I’d love to streamline the attendance/homework checking/gradebook procedures. It always seems pointless to me to have to write down homework grades and attendance, then reenter it on the computer. Some of today’s teachers are already using smart-phone applications for such tasks.
From an article on NEA.org by Tim Walker,
It was only a few years ago that cell phones were being banished from classrooms. As far as school districts were concerned, these devices’ reputation as tools for student distraction, mischief, and even harassment easily outweighed any possible benefits in the learning process.
Banning them was—and, in many districts, still is—the easy call to make, but as cell phones have become more sophisticated, powerful, and even more entrenched in students’ daily lives, a growing number of schools have decided to open the door to what are, essentially, mobile computers.
“Educators can’t afford to be behind the 8-ball anymore,” says Mike Pennington, who teaches world history at Chardon Middle School in Chardon, Ohio, and blogs about classroom technology at Teachers for Tomorrow, a website he co-founded with colleague Garth Holman. “Schools need to embrace mobile technology and mobile learning. Students live in this world. These devices belong in the classroom.”
According to some estimates, smart phones, and to a lesser extent tablets like the iPad, will be in the hands of every student in the United States within five years. And as more schools embrace mobile learning, the number of education apps—mobile applications that run on your smart phone—are skyrocketing.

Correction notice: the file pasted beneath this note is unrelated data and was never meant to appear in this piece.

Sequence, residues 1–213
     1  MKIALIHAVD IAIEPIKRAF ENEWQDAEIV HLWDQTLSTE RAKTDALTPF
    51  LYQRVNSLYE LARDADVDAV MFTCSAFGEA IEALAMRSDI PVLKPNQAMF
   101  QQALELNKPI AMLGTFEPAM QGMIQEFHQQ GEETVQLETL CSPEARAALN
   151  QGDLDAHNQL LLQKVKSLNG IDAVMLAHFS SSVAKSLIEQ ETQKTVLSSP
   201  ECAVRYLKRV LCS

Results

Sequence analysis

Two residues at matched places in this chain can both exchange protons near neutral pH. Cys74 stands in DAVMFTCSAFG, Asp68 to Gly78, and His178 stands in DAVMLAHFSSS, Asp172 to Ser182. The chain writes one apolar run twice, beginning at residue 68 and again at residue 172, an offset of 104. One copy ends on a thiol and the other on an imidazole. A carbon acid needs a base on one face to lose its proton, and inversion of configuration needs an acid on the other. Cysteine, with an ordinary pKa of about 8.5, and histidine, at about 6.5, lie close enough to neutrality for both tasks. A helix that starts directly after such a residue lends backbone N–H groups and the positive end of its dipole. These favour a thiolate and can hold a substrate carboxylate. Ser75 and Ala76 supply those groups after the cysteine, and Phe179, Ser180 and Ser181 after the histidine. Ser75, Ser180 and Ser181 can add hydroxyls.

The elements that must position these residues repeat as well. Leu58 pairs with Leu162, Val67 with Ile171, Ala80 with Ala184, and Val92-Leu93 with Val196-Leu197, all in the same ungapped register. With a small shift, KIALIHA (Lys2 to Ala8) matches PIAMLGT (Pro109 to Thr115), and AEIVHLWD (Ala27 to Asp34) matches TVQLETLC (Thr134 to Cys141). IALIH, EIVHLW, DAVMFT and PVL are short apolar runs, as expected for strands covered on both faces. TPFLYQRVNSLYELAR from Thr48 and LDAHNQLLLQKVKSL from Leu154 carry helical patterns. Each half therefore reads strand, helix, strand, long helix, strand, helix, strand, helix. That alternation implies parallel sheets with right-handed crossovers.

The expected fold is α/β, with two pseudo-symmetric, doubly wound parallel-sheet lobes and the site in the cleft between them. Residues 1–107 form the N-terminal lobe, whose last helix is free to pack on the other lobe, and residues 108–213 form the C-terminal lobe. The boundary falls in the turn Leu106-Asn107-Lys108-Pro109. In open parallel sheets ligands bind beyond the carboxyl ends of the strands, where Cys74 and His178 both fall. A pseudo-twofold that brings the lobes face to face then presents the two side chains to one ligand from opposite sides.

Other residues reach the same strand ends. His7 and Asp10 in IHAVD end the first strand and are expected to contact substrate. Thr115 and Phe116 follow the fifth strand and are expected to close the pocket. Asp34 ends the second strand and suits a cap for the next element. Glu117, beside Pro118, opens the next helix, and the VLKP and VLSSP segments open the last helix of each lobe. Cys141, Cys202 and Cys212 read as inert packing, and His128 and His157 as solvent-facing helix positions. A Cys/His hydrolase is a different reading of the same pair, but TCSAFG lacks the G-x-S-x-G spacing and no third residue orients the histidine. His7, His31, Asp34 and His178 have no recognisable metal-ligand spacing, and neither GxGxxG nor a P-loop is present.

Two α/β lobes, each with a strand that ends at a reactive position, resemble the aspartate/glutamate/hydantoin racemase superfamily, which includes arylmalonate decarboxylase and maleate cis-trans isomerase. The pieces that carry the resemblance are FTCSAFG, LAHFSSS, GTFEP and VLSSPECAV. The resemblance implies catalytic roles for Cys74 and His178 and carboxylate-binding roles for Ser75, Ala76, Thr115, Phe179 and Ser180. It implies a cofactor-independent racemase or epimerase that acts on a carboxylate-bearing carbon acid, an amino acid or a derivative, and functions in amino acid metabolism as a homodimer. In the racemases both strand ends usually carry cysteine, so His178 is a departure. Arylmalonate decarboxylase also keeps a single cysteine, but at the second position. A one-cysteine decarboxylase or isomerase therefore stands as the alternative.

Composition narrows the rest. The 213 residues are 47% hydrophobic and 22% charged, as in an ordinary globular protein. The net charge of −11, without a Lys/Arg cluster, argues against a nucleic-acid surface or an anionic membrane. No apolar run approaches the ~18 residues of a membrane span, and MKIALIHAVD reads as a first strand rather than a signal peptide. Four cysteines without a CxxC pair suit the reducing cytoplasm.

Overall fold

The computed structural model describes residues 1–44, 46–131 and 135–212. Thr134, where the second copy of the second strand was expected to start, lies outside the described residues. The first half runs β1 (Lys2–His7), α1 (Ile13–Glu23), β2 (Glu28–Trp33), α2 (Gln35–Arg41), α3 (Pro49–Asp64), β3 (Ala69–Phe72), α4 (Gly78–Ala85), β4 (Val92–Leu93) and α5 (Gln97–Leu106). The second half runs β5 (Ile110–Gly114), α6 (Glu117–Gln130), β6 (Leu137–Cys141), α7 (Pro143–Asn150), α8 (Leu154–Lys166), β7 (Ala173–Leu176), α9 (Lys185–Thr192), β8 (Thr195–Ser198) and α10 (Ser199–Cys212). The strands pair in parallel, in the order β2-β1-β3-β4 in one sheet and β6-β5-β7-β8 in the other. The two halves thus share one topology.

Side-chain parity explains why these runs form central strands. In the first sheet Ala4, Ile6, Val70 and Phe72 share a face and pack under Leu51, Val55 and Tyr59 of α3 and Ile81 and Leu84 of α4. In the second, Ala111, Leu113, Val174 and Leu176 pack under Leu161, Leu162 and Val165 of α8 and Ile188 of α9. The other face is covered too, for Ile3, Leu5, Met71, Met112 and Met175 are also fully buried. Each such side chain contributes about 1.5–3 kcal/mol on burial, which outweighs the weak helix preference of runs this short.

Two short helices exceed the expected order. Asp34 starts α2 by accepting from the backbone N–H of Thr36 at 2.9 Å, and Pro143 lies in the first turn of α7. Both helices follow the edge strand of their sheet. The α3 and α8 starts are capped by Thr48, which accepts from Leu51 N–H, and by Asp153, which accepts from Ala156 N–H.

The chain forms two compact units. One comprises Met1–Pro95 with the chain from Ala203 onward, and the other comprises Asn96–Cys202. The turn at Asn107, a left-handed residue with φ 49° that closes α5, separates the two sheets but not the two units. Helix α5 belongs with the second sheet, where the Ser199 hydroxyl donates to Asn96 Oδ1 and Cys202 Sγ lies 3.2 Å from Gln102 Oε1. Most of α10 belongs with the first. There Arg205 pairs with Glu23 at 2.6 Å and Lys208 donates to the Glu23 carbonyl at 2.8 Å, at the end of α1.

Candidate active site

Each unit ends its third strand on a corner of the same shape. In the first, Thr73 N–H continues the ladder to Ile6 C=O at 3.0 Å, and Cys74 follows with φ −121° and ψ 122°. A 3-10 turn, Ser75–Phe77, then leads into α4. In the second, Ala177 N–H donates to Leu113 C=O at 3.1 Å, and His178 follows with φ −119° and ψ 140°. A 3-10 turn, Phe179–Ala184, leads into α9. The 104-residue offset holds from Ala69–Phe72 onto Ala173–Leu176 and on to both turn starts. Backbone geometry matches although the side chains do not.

The article goes on to mention a handful of apps that have classroom potential, including the one above, GradePad. I also liked the looks of Attendance. And one of the commenters mentions that similar apps are available for Android users as well (here). This is all very cool, in my opinion.
In fact, I have a dream…
I can imagine a time in the not-to-distant future when I walk around the room at the beginning of the period checking homework and taking attendance from a mobile device. I’d be able to see the seating chart, do random name calling, see student photos, and control my computer. If students were issued similar devices, I could have them post their work on the board, using their mobile device as a slate to operate the front board. And students would use their devices as calculators and text books as well, perhaps. All my grades, attendance data, student data, and seating charts would be synced with the network and with our online grade reporting system.
We have Promethean (“smart”) boards in the front of our classrooms, and that’s been nice. But I think having mobile devices in the classroom would be far more advantageous, revolutionizing the way we teach more than smart boards ever did.
Most of what I’ve said is already technically possible–the hardware already exists. One hurdle will be cost, of course. But the cost could be significantly offset if there was no need to purchase hard-cover textbooks (very expensive) or smart boards (also very expensive). Another hurdle will be getting networks, software, and network administrators to cooperate. For instance, our district uses multiple vendors and some of our key data systems aren’t linked, like they should be. Allowing mobile devices to connect to the school network and the internet, providing district-approved & purchased software, and syncing the whole system with existing data systems would be a sizable task.
Three cheers for the future!